There is a real and growing market for these sorts of products in China.
China: A new hub of innovation?
Crowdsourced funding is part of making this happen.
For many years, China has been able to grow through the manufacture of cheap electrical goods. The nation is not typically known for being a hub of innovation. With the rising cost of labour, China needs to shift its focus beyond manufacture.
Rick predicts that China will become the new hub of IoT innovation and production.
“If you go to Shenzhen, you will see what I mean. For most products there is a two to three year lag time. In China, there is rapid prototyping and manufacturing. People are hacking, making and building.”
What are the barriers the Chinese face in becoming an innovation hub?
One of the greatest barriers to China fulfilling this potential is the lack of patent and copyright law in the Chinese legal system. Rick joked about entrepreneurs pitching to venture capitalists (VC) in China,
VC: What happens when the BAT (Baidu, Alibaba or Tencent) replicate your idea?
Entreprenerd: We compete!
VC: No, the answer is you die slowly.
The second difficulty lies in developing an industry standard for connectivity. To date, there is no device protocol that enables connection. And realistically speaking, people do not want to be downloading 10 apps for 10 devices. There needs to be a means of integration and cross pollination of these products and devices.
Katja Forbes + Perceptive ideas.
Katja describes herself as being an experience designer. Or in layman’s terms, ‘a professional stalker’. Experience design is an emerging practise that focuses on psychology and consumer behaviour. It’s another level deeper than user experience and aesthetic design. In practice, it’s about considering the micro and macro moments of customer engagement. These are the touchpoints between people and brands.
You can’t own, but you can influence.
It is through these touchpoints – the ideas, emotions, and memories – that designers can influence. Katja emphasised the point that regardless of whether you’re a designer, creative, business or brand, you can’t own these experiences. But, you can understand them and look for ways to enhance and enrich them.
By understanding these experiences we can create meaning and take action.
Ahhhha! Open the conversation to sensory design.
Katja presented on the topic of Sensory Design and explored the idea of the human body being a sensory input mechanism – one that we as designers and creatives can influence. Katja believes that contrary to common perception we have more than five senses.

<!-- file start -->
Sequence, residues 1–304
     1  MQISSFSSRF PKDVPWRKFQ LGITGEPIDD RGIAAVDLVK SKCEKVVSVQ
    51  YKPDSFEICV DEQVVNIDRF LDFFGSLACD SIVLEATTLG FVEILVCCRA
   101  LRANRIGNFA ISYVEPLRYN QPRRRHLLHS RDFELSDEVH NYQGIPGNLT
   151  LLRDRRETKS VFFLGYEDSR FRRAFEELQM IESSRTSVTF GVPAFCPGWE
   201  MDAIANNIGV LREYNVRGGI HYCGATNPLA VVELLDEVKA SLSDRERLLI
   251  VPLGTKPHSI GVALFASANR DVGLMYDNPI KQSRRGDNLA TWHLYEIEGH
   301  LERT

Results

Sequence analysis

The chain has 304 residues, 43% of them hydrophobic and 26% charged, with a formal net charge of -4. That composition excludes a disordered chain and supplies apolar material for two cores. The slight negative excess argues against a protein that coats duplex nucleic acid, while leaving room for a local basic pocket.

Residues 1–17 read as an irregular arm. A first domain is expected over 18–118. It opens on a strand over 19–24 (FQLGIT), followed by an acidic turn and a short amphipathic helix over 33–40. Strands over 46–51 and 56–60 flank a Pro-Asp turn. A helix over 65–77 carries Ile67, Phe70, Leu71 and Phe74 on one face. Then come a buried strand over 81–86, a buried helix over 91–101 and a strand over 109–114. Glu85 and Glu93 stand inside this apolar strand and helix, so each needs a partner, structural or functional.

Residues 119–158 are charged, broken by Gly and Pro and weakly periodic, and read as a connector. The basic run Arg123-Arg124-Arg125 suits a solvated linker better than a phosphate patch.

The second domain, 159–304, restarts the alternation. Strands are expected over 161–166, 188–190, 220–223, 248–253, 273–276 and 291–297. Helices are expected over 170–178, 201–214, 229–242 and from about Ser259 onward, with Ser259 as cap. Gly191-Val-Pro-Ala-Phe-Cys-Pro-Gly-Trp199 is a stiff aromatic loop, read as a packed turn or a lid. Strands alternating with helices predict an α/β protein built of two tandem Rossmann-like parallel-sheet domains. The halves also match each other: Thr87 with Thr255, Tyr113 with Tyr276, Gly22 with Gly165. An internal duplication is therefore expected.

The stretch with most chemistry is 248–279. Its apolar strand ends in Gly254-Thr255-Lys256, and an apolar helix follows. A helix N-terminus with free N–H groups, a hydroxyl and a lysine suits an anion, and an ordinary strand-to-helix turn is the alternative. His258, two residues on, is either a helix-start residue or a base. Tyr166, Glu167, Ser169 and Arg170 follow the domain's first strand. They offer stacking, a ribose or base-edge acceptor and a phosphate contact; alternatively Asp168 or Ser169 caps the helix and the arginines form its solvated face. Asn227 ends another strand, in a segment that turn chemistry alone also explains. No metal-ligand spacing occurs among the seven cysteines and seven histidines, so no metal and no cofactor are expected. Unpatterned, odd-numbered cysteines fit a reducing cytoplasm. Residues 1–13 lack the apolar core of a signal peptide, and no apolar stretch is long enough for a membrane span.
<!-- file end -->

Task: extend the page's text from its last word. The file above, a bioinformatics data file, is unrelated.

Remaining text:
“Most people think that we have five senses: hearing, touch, taste, sight and smell. In actuality, we have nine plus senses. For example, itchiness, that is a totally different sense to pain. And pain is another sense again. So is body balance, proprioception (your body parts in relation to others) hunger, thirst, time perception and magnetic field perception.”
Our bodies take in a huge amount of information, from all different inputs, all the time. Our brains take these inputs and turn them into meaning. And like our brains, as designers we need to understand these inputs and act or design accordingly.
Four types of people.
But how do you design for such an individualised experience? Katja explains that she was able to categorise people’s reactions into four personas. These are:
- Sensors: People who are self-aware and have good interpretation skills.
- Seekers: People who are searching to find something better, always looking for new and better experiences.
- Avoiders: People who are likely to avoid sensory overload. They like bland food.
- Bystanders: People who are often unaware of their senses.
Quantified self and wearables.
After taking the audience through some heavy theory in the first half of her talk, Katja left the easy listening to last. To wrap up her presentation, she discussed the idea of the ‘quantified self’. This is essentially knowledge through self-monitoring. Katja asked the question,
“Why are we so interested in ourselves? What knowledge do we gain from self-tracking?”
A huge percentage of today’s wearables are designed to measure your own individual performance. They count steps, calories, time, distance etc. Katja gave two hilarious examples, one which I couldn’t resist sharing. The Looncup is a cup for the ladies that measures your menstruation flow. I am not sure how I personally feel about this, but it does show how obsessive we have become about self-monitoring.
Katja explained that she sees the future as progressing beyond what we see today,
“Considering sensory design, I don’t think it’s about strapping a screen or a sensor to your body. I think the point we will get to is [one] where devices disappear.”
So there you have it folks, three insightful talks on the future of a connected world from this year’s Future Assembly. If you attended the event, let me know who your favourite presenter was in the comments below.